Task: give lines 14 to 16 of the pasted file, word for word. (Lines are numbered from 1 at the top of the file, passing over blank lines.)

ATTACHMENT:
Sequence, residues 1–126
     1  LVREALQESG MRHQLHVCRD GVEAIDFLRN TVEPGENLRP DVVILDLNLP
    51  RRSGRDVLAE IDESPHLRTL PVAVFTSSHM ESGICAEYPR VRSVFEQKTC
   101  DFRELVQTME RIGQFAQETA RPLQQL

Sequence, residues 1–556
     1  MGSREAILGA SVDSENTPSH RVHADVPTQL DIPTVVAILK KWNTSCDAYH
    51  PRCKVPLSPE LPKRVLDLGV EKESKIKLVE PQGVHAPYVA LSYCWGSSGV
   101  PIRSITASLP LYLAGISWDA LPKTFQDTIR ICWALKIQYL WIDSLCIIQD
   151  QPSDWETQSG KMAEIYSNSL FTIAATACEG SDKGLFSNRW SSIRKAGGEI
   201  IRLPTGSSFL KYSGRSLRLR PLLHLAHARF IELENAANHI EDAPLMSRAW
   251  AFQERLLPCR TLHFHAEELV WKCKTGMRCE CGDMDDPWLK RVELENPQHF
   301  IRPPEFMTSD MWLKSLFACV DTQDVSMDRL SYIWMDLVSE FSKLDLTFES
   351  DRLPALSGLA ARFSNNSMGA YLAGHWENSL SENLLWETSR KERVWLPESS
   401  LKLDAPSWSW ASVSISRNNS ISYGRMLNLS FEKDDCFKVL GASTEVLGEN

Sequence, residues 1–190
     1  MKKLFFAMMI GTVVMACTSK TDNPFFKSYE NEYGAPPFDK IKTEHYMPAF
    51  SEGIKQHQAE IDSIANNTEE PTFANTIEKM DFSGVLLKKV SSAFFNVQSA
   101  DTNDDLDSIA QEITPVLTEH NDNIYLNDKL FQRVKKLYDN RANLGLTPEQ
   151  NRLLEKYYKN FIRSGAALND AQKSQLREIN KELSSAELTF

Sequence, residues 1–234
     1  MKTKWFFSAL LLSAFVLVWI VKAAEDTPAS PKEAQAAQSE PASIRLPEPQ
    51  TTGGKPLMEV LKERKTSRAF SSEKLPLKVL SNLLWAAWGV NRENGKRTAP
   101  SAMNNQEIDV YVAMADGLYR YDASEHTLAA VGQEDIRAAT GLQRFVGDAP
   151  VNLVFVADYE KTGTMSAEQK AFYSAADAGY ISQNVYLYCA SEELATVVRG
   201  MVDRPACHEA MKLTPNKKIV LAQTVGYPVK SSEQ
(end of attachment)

   401  LKLDAPSWSW ASVSISRNNS ISYGRMLNLS FEKDDCFKVL GASTEVLGEN

Sequence, residues 1–190
     1  MKKLFFAMMI GTVVMACTSK TDNPFFKSYE NEYGAPPFDK IKTEHYMPAF